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Alvin Ailey American Dance Theater

'Shining Star', 'Caught', 'Reminiscin', 'Revelations'

by David Mead

September 13, 2005 -- Birmingham Hippodrome, Birmingham, England

The Ailey company has achieved what few other dance companies have managed. They have a distinct image, a brand if you like, and present a form of American modern dance that almost no one else comes close to. There is a natural focus on Ailey’s own works, but Artistic Director Judith Jamison has worked hard to show that the company is not a museum piece. This evening includes one new and one nearly new work.

“Reminiscin’” is a new work by Jamison herself. Set to a medley of popular songs, it features a curved late-night bar at which the dancers sit and talk, occasionally breaking away to dance with each other. It’s all about relationships, easy on the eye and pleasant enough. “Love me or Leave Me,” heard once sung by Sarah Vaughan and once by Nina Simone, pretty much summed up what was going on. However, apart from the upbeat ending, it only really hit the right note during a beautifully touching duet danced to Diana Krall’s rendition of Joni Mitchell’s “A Case of You,” in which the dancers showed their love, support and enjoyment of being with each other. The rest of it rather lacked any sort of fizz, although the men looked especially strong except for one brief all male duet that was surprisingly shaky.

“Reminiscin’” was, however, a huge improvement on David Parsons’ 2004 work, "Shining Star," which opened the evening. Set in what seemed like a 1970s disco to six songs from Earth, Wind and Fire’s “Greatest Hits Collection,” it was a John Travolta meets The Supremes sort of piece. Again, it only hit the mark once. The central duet, by Linda Celeste Sims and Glenn Allen Sims, was full of incredibly smooth effortless lifts. When it was good, it was very good.  But too much of the rest, -- danced to lights across the back of the stage -- was reminiscent of some awful backing group or early pop video.

“Caught,” a Parsons’ work from 1982, really showed just how “Shining Star” failed to hit the mark. Short and simple, this solo was a perfect example of how ‘less can be more’. Pocket dynamo Clifton Brown moved around the stage with such ease -- first dancing in four spotlights, then caught in flashes of strobe lighting, at first on the ground, but later in mid-air. It almost seemed as if he never touched the ground. It’s all incredibly athletic and visually stunning although of course, “Caught” is a more a technical trick than clever choreography, but it is a good technical trick for all that. The work is now also danced by women and it would be interesting to see the different qualities they would bring to it.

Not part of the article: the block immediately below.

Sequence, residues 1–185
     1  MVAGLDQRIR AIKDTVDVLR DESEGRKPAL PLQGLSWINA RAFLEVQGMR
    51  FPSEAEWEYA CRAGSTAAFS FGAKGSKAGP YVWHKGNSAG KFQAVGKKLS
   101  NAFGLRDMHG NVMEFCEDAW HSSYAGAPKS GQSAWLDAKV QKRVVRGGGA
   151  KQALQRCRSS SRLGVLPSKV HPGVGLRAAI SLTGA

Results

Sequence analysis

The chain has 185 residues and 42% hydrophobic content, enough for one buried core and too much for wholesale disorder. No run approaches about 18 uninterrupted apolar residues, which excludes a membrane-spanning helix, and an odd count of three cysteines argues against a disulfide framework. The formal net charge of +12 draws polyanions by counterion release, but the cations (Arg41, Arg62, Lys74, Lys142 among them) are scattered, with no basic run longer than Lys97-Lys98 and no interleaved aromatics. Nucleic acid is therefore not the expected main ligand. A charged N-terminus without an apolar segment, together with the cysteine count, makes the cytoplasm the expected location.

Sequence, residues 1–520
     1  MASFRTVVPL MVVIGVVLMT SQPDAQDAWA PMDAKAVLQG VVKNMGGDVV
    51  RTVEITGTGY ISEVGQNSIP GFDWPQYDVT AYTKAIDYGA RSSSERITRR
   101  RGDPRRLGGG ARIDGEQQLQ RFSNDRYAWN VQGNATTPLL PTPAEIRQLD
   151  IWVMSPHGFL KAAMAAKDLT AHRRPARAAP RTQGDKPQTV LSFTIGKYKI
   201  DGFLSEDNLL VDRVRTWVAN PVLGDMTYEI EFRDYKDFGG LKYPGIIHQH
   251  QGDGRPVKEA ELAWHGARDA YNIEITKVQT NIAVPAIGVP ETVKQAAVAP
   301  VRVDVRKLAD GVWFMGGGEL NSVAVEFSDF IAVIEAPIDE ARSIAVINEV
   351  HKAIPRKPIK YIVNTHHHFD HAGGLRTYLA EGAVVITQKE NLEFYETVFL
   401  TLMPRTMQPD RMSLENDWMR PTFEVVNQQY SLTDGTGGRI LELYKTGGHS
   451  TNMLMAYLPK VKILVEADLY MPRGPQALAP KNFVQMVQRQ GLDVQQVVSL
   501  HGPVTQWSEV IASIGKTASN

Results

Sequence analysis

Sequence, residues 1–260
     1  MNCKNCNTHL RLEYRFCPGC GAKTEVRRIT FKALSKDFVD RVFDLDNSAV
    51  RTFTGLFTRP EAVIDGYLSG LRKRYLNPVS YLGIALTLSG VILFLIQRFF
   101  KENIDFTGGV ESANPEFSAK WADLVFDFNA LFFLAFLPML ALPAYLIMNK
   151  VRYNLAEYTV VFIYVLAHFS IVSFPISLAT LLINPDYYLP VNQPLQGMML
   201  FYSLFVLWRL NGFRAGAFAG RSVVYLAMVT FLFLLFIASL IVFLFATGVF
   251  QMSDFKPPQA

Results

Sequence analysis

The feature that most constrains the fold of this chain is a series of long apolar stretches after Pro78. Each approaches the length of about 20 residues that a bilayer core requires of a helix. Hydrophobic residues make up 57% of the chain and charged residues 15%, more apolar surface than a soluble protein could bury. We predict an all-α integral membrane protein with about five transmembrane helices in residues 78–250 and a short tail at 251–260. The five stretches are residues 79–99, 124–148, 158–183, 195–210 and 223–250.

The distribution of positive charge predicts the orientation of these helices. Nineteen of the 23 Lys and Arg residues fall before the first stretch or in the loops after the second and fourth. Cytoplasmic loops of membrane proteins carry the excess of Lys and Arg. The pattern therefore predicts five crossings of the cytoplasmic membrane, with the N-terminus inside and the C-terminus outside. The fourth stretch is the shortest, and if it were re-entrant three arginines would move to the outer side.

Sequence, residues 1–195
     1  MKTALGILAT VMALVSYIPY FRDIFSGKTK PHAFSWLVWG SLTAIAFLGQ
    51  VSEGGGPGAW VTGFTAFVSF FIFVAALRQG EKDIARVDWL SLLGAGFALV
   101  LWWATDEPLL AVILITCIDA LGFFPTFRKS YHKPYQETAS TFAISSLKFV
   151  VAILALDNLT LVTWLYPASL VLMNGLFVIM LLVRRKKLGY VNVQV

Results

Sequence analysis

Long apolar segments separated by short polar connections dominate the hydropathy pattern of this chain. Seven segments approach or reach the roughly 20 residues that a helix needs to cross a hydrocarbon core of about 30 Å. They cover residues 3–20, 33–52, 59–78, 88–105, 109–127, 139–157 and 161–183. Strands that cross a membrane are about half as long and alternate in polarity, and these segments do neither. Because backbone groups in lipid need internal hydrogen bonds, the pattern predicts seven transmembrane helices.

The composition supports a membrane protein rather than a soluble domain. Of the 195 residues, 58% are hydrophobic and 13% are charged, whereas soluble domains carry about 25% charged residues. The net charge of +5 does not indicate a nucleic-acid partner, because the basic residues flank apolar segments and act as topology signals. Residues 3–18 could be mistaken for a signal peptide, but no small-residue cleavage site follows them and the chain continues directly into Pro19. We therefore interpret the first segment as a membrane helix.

“Revelations,” as ever, had the audience rocking in their seats. It closes every performance of the tour and you can see why. This 1960 company signature work shows all the gospel and blues influences Ailey brought from the Deep South. It’s one of those rare works that doesn’t seem to age and continues to pack a punch. The audience lapped it up and quite rightly. “Revelations” was streets ahead of the other two longer pieces and still shows the company at its best.

With the Ailey company you know pretty much what you are going to get - a fairly easy going evening of dance that everyone can understand.  It may not be especially challenging, but will send most people home happy. All of which is important. They have some wonderful dancers with great strength, stamina, speed and fluidity proven by how easy they make it all look.

For me, however, much of it was all a bit too predictable and unfulfilling and quite a lot of the time I had the feeling that the dancers weren’t being challenged either.

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